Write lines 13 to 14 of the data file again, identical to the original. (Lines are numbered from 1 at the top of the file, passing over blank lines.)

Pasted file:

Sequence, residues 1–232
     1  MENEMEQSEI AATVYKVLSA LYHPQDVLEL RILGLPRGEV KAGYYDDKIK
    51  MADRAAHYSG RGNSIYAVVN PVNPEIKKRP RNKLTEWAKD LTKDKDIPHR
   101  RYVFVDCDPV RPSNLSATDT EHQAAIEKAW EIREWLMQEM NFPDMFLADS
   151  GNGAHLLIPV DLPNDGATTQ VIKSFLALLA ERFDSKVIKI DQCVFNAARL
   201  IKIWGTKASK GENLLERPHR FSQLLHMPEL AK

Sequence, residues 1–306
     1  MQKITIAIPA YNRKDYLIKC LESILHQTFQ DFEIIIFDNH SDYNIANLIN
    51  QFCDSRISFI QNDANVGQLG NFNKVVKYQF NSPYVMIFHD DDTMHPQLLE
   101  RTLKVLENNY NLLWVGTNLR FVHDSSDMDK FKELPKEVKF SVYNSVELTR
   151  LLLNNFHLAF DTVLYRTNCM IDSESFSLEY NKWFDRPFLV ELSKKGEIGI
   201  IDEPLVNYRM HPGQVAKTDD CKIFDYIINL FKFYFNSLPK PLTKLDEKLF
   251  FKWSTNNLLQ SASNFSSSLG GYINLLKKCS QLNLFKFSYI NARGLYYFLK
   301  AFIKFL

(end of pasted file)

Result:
   251  FKWSTNNLLQ SASNFSSSLG GYINLLKKCS QLNLFKFSYI NARGLYYFLK
   301  AFIKFL